E-health Strategy

– in the Scottish Parliament at on 13 March 2024.

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Photo of Willie Coffey Willie Coffey Scottish National Party

6. To ask the Scottish Government how it will develop its e-health strategy in the coming years. (S6O-03195)

Photo of Neil Gray Neil Gray Scottish National Party

I can confirm that the Scottish Government’s e-health strategy was replaced by a digital health and care strategy, which was published jointly with the Convention of Scottish Local Authorities in 2018 and updated in 2021. The strategy is accompanied by an annual delivery plan, with the 2024-25 delivery plan scheduled to be published in April 2024. There are no plans to develop the strategy further in the immediate future.

Photo of Willie Coffey Willie Coffey Scottish National Party

One of the few benefits of the Covid pandemic was that we were able to embrace digital technology much more, which came to the rescue in many fields, not least in telehealth. Does the cabinet secretary agree that we must continue to develop and exploit the power of digital technology in our health service to help us to improve things such as general practice appointment systems, e-health digital consultations and general telehealth services, which are not only crucial for people who live in rural parts of Scotland but are valuable as a means of improving general access to all our national health services?

Photo of Neil Gray Neil Gray Scottish National Party


I agree that further utilising innovation and technology will be a central element of reforming health and social care. I agree that we should be exploring more opportunities for greater use of digital solutions. Some of that is about maximising the capabilities of our existing investments. For example, the new GP information technology system, which we are in the process of rolling out, gives GPs the ability to offer online booking services. We have already rolled out the Near Me service for online consultations.

Some of this is about exploring the art of the possible. Through the Scottish Funding Council, we have recently confirmed 10-year funding for the Digital Health and Care Innovation Centre to continue to lead our efforts to explore where those opportunities are.

I am grateful to Willie Coffey for raising the issue, because digital is an area in which we will need to spend much greater time and resource.

Photo of Brian Whittle Brian Whittle Conservative

As we attempt to tackle significant issues in our health service, I hear time and time again from our health boards that their outdated IT systems are a block to progress. A modern collaboration and communication platform is essential, to bring our health service back into a better state, especially in data gathering and the development of our e-health systems.

The Chancellor of the Exchequer committed in excess of £3 billion to develop healthcare tech. Will the cabinet secretary consider working with the United Kingdom Government to bring NHS Scotland’s IT systems up to scratch and create a UK-wide communication and collaboration system?

Photo of Neil Gray Neil Gray Scottish National Party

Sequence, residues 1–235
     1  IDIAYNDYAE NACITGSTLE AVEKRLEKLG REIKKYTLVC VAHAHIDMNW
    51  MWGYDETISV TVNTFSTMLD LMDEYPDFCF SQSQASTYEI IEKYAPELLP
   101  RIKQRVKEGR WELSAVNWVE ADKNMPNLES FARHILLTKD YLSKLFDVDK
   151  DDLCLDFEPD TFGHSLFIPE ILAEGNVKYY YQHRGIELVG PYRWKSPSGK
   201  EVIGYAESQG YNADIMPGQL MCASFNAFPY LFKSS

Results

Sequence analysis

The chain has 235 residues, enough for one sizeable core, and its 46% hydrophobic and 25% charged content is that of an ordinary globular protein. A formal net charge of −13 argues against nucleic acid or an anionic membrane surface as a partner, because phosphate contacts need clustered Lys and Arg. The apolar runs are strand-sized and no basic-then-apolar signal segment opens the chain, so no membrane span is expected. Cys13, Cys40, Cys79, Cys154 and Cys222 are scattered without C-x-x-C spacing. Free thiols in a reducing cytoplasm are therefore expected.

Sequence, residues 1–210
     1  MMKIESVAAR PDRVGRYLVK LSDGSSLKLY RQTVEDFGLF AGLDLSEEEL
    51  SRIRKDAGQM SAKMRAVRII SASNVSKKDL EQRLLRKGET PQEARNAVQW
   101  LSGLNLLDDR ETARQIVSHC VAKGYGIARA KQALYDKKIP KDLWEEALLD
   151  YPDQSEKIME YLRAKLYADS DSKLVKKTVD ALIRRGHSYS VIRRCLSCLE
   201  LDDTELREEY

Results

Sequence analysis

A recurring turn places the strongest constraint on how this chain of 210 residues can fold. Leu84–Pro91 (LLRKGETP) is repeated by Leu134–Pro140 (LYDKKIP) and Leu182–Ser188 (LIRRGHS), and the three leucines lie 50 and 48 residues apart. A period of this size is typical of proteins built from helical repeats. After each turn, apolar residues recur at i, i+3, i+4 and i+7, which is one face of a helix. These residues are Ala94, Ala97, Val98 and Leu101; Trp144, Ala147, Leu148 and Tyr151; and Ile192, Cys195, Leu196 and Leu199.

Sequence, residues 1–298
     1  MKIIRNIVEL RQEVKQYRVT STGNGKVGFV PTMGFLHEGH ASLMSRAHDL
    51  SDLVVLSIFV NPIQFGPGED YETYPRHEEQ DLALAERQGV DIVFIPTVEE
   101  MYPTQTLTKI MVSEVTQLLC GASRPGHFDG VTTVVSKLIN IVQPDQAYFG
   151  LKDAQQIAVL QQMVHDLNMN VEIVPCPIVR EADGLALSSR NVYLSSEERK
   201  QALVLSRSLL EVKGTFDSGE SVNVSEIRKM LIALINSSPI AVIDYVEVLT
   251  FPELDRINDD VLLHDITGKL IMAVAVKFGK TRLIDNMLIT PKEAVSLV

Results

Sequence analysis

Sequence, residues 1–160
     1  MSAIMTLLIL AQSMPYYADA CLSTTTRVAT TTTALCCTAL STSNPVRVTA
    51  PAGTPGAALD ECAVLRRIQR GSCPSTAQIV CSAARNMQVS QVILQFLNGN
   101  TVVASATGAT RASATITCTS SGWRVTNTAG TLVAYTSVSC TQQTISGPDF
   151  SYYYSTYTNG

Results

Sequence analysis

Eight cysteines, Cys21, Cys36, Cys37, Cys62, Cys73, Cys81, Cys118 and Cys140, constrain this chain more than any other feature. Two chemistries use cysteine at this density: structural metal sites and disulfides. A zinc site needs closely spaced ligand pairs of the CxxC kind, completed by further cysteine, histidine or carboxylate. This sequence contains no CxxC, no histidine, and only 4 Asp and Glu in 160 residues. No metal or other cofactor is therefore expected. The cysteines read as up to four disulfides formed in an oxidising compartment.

I agree fundamentally with the points that Brian Whittle raises about the need for that investment, though I gently point out to him that the investment that was announced by the chancellor is money that will arrive not this year but in years to come. I believe that we need that investment much earlier.

Of course, we will seek to collaborate, where it is possible, to ensure that there is effective communication between systems and, within Scotland, between GP services, acute settings and social care. That is exactly what the reform discussions that I am embarking on will be about trying to direct. With regard to where the capital comes from to invest in that work, I encourage Brian Whittle to encourage his colleagues to see to it that that investment is front-loaded, so that we can have it now.

Photo of Carol Mochan Carol Mochan Labour

The roll-out of e-health and digital technology is going at quite a slow pace. Recording of patient data still differs from one health board to another, which hinders progress, and some prescriptions are still being written by hand.

If we are to develop an e-health strategy that is fit for the future, we must see rapid advancement in the streamlining of recording practices across the country, and we must ensure that staff and patients alike are clear on what that progress looks like. Will the cabinet secretary outline in any future e-health strategies how we might address those concerns?

Photo of Neil Gray Neil Gray Scottish National Party

I agree with the premise of Carol Mochan’s question. She is absolutely right that, for us to have a productive health service that is responsive to patient need and that ensures that our clinicians are able to communicate effectively—between boards, where that is necessary, and between different settings, such as primary, acute and social care—cohesion and coherence are necessary.

We are already making investments, although I take the point that Carol Mochan makes about the pace of those. We want to go faster. We are looking with interest at the capital investment that is to come in future years from the UK Government, and we would want to see investment to come sooner. I will continue to collaborate with boards and colleagues on how we can make the digitisation of our health services a faster process.